Chronic and acute stress promote overexploitation in serial decision making

Jennifer K. Lenow, Sara M. Constantino, Nathaniel D. Daw, Elizabeth A. Phelps

Research output: Contribution to journalArticle

12 Scopus citations

Abstract

Many decisions that humans make resemble foraging problems in which a currently available, known option must be weighed against an unknown alternative option. In such foraging decisions, the quality of the overall environment can be used as a proxy for estimating the value of future unknown options against which current prospects are compared. We hypothesized that such foraging-like decisions would be characteristically sensitive to stress, a physiological response that tracks biologically relevant changes in environmental context. Specifically, we hypothesized that stress would lead to more exploitative foraging behavior. To test this, we investigated how acute and chronic stress, as measured by changes in cortisol in response to an acute stress manipulation and subjective scores on a questionnaire assessing recent chronic stress, relate to performance in a virtual sequential foraging task. We found that both types of stress bias human decision makers toward overexploiting current options relative to an optimal policy. These findings suggest a possible computational role of stress in decision making in which stress biases judgments of environmental quality.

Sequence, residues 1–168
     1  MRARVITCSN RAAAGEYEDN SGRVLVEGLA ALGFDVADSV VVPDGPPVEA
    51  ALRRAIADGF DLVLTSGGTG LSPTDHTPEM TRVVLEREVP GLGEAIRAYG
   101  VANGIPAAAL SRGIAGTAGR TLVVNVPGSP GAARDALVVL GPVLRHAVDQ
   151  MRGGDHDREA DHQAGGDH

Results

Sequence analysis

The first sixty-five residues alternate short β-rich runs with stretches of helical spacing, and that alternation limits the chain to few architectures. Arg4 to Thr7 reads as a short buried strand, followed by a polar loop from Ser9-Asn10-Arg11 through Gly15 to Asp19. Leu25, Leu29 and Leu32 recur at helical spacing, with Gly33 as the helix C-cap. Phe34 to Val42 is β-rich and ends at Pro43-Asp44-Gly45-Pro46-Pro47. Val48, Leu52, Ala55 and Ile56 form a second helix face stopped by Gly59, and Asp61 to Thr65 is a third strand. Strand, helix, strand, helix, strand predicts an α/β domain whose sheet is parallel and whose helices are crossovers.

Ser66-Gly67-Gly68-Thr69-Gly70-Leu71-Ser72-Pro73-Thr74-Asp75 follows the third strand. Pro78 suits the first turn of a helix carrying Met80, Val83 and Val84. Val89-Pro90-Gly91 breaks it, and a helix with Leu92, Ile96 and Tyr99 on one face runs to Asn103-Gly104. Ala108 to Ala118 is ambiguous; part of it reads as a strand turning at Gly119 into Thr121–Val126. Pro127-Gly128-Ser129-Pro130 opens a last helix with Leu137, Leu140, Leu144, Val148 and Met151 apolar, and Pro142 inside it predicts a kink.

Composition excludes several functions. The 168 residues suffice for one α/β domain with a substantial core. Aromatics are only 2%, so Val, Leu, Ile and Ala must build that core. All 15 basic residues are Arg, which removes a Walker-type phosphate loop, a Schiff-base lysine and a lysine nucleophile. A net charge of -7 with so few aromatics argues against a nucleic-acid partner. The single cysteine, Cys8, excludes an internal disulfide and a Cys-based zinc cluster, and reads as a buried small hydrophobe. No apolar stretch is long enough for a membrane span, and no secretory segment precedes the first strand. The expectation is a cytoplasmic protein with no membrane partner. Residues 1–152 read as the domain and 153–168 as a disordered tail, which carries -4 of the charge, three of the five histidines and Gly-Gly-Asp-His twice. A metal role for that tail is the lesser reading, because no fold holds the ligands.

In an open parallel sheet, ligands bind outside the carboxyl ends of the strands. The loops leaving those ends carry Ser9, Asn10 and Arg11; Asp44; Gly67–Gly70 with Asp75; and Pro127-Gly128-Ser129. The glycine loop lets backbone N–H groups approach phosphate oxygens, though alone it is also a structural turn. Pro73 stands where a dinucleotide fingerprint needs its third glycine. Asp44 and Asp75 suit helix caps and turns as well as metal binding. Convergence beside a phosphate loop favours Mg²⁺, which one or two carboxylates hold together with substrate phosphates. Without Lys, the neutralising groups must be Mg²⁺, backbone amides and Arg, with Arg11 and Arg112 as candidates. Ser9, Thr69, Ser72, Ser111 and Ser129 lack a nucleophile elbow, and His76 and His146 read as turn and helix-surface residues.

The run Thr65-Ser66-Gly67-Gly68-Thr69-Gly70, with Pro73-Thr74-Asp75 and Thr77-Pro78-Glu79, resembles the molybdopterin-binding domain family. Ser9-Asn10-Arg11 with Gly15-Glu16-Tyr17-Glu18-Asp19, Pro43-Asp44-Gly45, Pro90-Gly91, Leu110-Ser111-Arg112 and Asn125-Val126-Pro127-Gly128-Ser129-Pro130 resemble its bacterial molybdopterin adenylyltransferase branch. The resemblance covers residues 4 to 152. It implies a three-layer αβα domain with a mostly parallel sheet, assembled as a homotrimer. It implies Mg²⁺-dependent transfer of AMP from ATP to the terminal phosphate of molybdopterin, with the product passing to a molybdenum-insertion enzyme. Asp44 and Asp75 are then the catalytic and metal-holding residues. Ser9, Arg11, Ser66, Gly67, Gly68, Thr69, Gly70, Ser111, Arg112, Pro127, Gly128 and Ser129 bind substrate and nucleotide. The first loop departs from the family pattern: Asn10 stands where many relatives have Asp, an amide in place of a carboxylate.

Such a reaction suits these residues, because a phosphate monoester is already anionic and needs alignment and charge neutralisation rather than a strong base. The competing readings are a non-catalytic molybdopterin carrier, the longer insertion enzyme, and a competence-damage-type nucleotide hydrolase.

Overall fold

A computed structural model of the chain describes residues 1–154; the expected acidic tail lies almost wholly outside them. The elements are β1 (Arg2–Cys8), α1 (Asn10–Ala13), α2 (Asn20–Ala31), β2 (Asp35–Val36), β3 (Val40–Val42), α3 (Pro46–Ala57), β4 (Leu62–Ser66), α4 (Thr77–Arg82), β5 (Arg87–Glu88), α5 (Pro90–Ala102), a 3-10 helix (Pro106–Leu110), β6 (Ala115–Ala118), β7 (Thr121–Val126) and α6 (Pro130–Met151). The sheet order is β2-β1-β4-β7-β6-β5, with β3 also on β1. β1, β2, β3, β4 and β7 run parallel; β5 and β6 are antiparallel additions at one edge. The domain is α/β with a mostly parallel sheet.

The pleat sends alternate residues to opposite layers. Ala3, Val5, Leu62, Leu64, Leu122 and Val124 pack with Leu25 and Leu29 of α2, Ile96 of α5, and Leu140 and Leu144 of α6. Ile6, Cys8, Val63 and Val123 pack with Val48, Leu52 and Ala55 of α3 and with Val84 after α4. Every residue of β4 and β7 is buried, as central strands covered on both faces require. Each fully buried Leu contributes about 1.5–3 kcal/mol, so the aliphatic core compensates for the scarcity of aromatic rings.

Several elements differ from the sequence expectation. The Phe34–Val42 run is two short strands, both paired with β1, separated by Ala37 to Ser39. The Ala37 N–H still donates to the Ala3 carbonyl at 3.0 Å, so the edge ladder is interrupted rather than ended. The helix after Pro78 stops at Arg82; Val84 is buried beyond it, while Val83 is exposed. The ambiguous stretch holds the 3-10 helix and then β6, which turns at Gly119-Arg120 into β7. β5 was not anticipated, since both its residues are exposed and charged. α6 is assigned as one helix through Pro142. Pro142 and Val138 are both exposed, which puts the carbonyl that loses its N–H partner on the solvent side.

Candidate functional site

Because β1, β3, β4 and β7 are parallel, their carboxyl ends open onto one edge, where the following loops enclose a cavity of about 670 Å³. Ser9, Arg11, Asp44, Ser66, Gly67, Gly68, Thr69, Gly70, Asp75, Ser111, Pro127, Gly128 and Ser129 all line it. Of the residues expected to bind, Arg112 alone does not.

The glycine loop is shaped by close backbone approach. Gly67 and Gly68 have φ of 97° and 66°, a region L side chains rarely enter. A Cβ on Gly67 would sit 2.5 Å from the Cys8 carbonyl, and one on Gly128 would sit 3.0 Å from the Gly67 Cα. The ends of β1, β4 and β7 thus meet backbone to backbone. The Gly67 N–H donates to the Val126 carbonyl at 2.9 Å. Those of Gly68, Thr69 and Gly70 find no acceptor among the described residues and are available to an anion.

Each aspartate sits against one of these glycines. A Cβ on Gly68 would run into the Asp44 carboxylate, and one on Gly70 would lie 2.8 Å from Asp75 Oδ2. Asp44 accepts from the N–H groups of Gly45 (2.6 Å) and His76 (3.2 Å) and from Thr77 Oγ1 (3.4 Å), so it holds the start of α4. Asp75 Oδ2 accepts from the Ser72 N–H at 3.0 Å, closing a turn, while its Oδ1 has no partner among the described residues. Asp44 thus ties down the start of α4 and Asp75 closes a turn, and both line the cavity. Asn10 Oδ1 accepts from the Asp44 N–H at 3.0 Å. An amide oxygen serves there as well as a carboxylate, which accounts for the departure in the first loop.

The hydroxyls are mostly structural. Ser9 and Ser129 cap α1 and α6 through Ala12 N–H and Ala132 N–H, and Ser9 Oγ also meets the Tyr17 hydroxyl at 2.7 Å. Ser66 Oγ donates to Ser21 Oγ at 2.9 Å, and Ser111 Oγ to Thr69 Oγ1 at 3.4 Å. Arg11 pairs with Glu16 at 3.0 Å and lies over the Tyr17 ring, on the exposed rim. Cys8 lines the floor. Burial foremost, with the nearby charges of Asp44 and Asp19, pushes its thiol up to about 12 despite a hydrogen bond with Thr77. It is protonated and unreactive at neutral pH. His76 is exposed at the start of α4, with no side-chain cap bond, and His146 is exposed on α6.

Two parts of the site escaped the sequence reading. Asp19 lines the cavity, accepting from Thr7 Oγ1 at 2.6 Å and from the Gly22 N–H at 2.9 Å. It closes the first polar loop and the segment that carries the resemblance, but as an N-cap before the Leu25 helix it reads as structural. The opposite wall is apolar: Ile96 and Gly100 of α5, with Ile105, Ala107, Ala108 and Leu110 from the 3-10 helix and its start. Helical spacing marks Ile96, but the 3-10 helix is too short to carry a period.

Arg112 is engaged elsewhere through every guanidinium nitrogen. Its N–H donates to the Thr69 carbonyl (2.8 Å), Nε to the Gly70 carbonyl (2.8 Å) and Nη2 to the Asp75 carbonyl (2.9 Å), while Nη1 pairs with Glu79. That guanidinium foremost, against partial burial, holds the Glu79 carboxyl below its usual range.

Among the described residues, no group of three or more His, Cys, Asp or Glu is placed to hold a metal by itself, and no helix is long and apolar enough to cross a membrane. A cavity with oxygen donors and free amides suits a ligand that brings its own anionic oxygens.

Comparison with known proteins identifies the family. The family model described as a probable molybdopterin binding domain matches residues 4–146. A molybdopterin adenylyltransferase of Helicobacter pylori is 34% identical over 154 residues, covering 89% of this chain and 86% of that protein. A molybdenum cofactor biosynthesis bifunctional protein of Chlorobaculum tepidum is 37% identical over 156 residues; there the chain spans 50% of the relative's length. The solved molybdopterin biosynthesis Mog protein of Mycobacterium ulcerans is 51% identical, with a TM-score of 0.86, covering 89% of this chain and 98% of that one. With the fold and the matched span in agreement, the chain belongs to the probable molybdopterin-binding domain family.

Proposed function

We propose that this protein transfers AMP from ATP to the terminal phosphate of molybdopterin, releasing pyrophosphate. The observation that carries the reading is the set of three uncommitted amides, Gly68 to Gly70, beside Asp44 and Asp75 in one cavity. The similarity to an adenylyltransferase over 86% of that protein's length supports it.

Original languageEnglish (US)
Pages (from-to)5681-5689
Number of pages9
JournalJournal of Neuroscience
Volume37
Issue number23
DOIs
StatePublished - Jun 7 2017

All Science Journal Classification (ASJC) codes

  • Neuroscience(all)

Keywords

  • Decision making
  • Foraging
  • Stress

Fingerprint Dive into the research topics of 'Chronic and acute stress promote overexploitation in serial decision making'. Together they form a unique fingerprint.

  • Cite this